How AC/DC Hit the Mark With ‘Heatseeker’

Like a missile locked on target, AC/DC‘s “Heatseeker” was a hot moment during an otherwise cool period.

Although their albums were still going platinum, the quintet’s 1983-88 stretch was considered fallow, both commercially and artistically. After opening the decade with the one-two punch of Back in Black and For Those About to Rock (We Salute You), AC/DC entered retread mode on subsequent records like 1983’s Flick of the Switch and 1985’s Fly on the Wall, with the monotony only broken up by a few standout songs, ambitious tours and the intriguing Who Made Who soundtrack album for the 1986 Stephen King film Maximum Overdrive.

AC/DC was still shaking fans, but perhaps not all night long as they had done before.

The group launched “Heatseeker” on Jan. 11, 1988, as the first strike of its 11th album, Blow Up Your Video, which landed a week later. A characteristically sinewy, double-entendre-laden rocker penned by guitar-slinging brothers Angus and Malcolm Young and frontman Brian Johnson, “Heatseeker” made an explosive impact. The song reached No. 5 on the Australian charts and No. 20 on Billboard‘s Mainstream Rock chart, the band’s best showing in six years. It also gave AC/DC their highest charting U.K. single to date (No. 12), a record that lasted for 25 years until a resurgent “Highway to Hell” landed at No. 4 in December 2013 as part of a fan campaign to make it that year’s Official Christmas No. 1.

“Heatseeker” was further immortalized by its David Mallet-directed video, which blends the band’s live performance with Strategic Air Command footage. Angus tosses his cap onto a missile switch, accidentally launching it around the world and into the Sydney Opera House, where the band is performing (though the clip was filmed at Cannon Studios in England). The warhead pops open to reveal Angus in trademark schoolboy attire, soloing above the rest of the band.

Watch AC/DC’s ‘Heatseeker’ Video

“[‘Heatseeker’] was a fun one,” Angus told this writer during AC/DC’s Blow Up Your Video tour. “We had the riff, like we usually do, then got it into shape and Brian put the lyric on, and … there it was.”

Written early in the album process, “Heatseeker” served as a template for what AC/DC wanted to accomplish with Blow Up Your Video. “We wanted to carry on where Who Made Who had left off,” Malcolm told Metal CD in 1992. “We lost our footing by that time, and we needed to get the old feeling back again. … We tried to capture that traditional 12-bar rock ‘n’ roll sound that we had in the beginning. ‘That’s the Way I Wanna Rock ‘n’ Roll’ and ‘Heatseeker’ were the ones that went down best when we played them live, and they’ve stayed in the set.”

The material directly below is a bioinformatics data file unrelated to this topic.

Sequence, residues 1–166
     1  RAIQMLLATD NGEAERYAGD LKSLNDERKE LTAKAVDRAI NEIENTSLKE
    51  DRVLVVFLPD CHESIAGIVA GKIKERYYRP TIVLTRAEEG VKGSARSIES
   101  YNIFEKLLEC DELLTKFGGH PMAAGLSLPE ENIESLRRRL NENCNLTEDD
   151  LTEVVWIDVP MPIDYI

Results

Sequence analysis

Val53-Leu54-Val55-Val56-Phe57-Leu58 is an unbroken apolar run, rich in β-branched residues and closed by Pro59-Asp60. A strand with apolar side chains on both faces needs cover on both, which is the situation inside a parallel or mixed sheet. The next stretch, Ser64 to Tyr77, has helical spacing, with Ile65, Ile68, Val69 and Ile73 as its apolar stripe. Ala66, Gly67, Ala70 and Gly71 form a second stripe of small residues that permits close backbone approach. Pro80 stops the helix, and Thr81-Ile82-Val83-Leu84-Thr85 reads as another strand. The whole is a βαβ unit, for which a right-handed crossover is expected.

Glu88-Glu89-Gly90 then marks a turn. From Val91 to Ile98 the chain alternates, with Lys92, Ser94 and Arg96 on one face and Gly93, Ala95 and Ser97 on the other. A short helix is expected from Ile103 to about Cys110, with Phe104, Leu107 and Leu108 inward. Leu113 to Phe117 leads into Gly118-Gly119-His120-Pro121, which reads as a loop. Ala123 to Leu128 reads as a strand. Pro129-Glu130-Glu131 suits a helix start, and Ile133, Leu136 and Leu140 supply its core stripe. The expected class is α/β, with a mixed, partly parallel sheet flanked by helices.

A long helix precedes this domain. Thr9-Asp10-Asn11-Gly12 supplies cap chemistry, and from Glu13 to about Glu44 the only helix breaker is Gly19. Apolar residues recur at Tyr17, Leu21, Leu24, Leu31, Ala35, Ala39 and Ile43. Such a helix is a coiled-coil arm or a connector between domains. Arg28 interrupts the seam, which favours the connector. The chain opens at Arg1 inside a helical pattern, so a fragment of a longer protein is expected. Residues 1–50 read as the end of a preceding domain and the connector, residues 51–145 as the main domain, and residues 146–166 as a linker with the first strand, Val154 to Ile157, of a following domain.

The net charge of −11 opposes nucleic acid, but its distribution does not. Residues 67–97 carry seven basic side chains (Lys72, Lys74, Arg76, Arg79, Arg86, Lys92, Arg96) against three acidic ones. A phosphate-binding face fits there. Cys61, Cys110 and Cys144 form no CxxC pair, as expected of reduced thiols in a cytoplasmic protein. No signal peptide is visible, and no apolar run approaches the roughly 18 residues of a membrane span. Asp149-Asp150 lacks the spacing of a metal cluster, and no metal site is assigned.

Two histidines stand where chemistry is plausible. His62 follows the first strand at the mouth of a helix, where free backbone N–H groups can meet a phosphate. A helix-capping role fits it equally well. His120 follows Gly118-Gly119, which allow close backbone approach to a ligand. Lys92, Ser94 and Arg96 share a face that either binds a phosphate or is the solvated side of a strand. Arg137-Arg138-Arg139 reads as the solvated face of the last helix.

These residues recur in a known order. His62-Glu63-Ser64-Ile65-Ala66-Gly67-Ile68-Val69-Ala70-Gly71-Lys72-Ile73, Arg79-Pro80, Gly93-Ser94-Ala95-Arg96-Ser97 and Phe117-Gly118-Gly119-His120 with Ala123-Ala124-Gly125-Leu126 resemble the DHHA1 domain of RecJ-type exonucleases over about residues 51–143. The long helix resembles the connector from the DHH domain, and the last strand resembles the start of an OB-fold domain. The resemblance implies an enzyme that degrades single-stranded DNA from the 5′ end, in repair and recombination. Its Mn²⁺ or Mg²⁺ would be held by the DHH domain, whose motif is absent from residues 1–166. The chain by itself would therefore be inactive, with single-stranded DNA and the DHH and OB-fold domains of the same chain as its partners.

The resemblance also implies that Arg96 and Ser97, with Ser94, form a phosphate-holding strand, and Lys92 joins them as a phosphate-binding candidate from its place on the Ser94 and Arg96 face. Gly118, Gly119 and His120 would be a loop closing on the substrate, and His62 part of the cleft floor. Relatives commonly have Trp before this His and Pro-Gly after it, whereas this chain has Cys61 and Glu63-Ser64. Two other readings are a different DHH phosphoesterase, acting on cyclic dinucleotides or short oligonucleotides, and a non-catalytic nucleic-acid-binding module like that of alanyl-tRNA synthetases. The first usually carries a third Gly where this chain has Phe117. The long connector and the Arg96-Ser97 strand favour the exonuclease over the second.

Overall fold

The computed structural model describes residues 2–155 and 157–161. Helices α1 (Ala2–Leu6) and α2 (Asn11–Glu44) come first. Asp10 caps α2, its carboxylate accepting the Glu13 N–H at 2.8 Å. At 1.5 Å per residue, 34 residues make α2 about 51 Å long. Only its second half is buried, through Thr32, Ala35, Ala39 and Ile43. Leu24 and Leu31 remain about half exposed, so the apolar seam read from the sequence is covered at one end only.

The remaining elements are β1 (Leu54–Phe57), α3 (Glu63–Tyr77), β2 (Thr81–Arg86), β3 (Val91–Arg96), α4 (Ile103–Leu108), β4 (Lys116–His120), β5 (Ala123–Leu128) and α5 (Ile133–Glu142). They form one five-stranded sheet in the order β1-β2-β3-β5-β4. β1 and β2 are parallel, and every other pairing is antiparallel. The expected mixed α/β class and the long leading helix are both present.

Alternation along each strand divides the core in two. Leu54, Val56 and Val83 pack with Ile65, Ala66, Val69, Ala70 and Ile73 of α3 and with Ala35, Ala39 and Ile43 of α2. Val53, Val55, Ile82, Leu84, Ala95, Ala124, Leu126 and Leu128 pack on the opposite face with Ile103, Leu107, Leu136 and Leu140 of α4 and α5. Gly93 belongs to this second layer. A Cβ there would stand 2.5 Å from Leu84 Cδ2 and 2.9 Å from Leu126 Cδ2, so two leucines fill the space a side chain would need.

To get the “old feeling back again,” AC/DC reunited with producers Harry Vanda and George Young, Angus and Malcolm’s older brother. Vanda and Young were both former members of Australian rock sensation the Easybeats, and they had produced every AC/DC album up through 1978’s If You Want Blood You’ve Got It“There was more production on the album than there had been on Fly on the Wall or Flick of the Switch,” Malcolm noted.

“It was like putting on a comfortable old pair of paints,” Angus said at the time. “[Vanda and Young] know where we come from and what we are, so it made sense to work with them again.”

Then-drummer Simon Wright also praised Vanda and Young in Martin Popoff’s book AC/DC: Album by Album, saying the duo “brought so much. They’re a great team, very musical and a big help. … It was more productive than it had ever been. There wasn’t much downtime. There was a set plan for the day that we would try to achieve with regard to getting songs down and stuff. It was a great time.”

AC/DC’s diligence was rewarded when Blow Up Your Video reached No. 2 on the Australian and U.K. charts and No. 12 on the Billboard 200, their highest placement since For Those About to Rock. The supporting tour brought the band back to Australia for the first time in seven years, commencing on Jan. 29, 1988, in Perth. Life imitated art as the tour reached North America, where the shows began with a heat-seeking missile rising to the stage, followed by the set-opening “Heatseeker.”

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